Talladega Nights: The Ballad of Ricky Bobby [2006)

This is a pretty damned perfect film.

Depending on where you’re coming from.

I set out for San Antone and I never felt so good.

“”

It might seem like a light watch (and in many ways it is), but Talladega Nights… captures something essential.

Will Ferrell distinguishes himself here as something of an auteur.

Sure, it’s really just an extended George W. Bush impersonation transposed onto the milieu of NASCAR, but there is quite a remarkable naïveté here from Ferrell.

It is kayfabe all the way to Alabama.

Ferrell never gives away the game.

Did Will Ferrell despise George W. Bush?

Did Will Ferrell secretly love George W. Bush?

Was Will Ferrell completely apolitical at this time?

It doesn’t matter.

What we see in his role as Ricky Bobby is pure.

There is something of Andy Kaufman in his performance.

Ferrell plays this role as if in a trance.

And this makes this film truly remarkable.

Sure, there are a ton of one-liners throughout.

The one-liners hook you in.

You see a bit on TV.  You hear a quote by the water cooler.

But when you finally sit down to view the whole film, you are greeted by a very complete work of art.

And, it must be said:  the brilliance of this film hinges as much on Sacha Baron Cohen as it does on Ferrell.

The two play off one-another.

Don’t be fooled:  Cohen’s turn as the Perrier-sponsored NASCAR driver Jean Girard is not a gratuitous cameo.

There is real drama here.

Real tension.

But most of all, it is one of those rare times when two comedic geniuses face off and create a sum greater than the parts.

Indeed, this may be Cohen’s best film role aside from the timeless Borat…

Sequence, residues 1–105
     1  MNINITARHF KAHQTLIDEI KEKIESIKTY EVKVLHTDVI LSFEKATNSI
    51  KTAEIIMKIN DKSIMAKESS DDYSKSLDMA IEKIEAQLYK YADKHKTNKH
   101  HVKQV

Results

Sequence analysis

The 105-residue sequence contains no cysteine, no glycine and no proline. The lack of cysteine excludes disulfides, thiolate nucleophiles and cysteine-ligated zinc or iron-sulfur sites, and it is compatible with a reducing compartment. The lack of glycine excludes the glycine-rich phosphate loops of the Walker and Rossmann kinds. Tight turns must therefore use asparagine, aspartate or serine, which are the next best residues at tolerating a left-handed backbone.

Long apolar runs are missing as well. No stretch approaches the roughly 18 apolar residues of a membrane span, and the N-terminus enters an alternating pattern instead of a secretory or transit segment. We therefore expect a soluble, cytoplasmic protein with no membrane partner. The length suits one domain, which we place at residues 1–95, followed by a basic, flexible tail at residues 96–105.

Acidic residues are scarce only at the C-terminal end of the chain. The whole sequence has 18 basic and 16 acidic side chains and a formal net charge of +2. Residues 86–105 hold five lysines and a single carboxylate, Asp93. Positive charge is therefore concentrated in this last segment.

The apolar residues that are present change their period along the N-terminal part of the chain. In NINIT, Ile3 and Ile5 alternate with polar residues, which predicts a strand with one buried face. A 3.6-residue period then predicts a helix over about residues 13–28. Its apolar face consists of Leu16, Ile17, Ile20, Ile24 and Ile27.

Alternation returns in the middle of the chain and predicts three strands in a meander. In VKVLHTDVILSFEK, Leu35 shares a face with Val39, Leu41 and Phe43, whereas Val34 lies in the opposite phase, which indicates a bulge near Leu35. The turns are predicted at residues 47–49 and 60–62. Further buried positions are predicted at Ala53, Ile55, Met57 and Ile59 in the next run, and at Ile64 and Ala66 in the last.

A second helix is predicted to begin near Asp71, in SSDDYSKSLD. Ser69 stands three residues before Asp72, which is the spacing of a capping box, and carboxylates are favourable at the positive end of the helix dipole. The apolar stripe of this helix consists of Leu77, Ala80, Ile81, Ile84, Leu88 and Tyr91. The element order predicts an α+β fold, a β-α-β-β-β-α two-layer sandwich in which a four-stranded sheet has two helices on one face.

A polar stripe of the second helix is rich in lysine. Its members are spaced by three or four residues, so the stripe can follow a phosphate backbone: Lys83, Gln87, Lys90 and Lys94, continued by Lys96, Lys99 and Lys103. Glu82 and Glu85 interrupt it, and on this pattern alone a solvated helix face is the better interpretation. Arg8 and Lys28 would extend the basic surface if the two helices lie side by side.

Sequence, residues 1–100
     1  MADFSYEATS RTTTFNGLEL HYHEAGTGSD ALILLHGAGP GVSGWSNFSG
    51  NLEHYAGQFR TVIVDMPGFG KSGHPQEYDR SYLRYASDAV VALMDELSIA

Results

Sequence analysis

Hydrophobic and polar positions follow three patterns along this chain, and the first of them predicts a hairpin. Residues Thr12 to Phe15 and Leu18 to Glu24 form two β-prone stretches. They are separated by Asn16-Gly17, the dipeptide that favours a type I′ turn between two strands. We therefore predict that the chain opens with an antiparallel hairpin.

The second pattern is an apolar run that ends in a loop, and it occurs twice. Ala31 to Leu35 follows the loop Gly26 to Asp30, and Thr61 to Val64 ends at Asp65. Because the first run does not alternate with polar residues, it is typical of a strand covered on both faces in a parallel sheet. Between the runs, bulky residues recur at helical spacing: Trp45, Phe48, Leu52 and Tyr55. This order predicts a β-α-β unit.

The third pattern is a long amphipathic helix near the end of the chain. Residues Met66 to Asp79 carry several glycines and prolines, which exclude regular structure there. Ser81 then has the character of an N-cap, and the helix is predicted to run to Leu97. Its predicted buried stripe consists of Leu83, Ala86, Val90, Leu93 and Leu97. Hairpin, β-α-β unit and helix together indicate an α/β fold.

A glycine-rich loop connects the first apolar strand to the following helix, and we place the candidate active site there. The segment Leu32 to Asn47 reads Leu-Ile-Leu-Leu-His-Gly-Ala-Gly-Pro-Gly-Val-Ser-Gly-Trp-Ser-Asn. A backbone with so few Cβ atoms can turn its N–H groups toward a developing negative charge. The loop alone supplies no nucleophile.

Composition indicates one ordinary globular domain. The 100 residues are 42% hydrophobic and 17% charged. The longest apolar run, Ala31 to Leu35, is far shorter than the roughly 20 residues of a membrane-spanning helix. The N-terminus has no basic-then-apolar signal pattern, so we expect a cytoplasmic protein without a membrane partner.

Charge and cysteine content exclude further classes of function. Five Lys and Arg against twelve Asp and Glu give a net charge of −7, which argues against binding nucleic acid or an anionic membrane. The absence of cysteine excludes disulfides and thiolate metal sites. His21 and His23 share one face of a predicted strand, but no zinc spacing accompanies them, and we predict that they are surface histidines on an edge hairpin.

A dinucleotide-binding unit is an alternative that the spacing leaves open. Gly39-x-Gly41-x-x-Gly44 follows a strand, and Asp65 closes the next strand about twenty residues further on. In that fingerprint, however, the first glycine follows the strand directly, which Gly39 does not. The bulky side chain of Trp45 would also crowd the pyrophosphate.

Cohen’s Girard comes off as a rather insipid, tongue-in-cheek Bond villain.

Think Hugo Drax.

Moonraker.

All caricature.

But it works.

Because Cohen mixes in an equal part Serge Gainsbourg.

For my money, there are few things funnier than seeing a NASCAR driver reading Camus’ L’Étranger WHILE DRIVING!!! 🙂

And there are so many of these moments.

Many of them are lowbrow.

Redneck.

But this film is classic.

This is truly a slice of Americana.

And, at the same time, it is a good story about overcoming anxiety.

Amy Adams plays a very important, mostly-understated role as Ricky Bobby’s assistant.

Her impassioned monologue in The Unfriendly Possum (before she climbs up on the table and makes out with Ferrell) is truly a bit of acting brilliance.

She channels something.

Can you buy that?

Can you just pay an actress to be that good??

No.

Not necessarily.

Adams adds a depth which this film dearly needed.

Cohen added a bizarre twist which perfectly seasoned the whole concoction.

But Ferrell is the big enchilada here.

Adam McKay did a nice job reeling this one in.

But he had a juggernaut in Ferrell.

Truly a special film.

It is a niche film.

But I live in that niche 🙂

 

-PD

Annie [1982)

Woof!

Yesterday was a rough day for me.

Yeah, nicotine withdrawal.

Ugh…

Maybe the roughest 24 hours of my life.

They say nicotine is more addictive than heroin.

I can neither confirm nor deny that.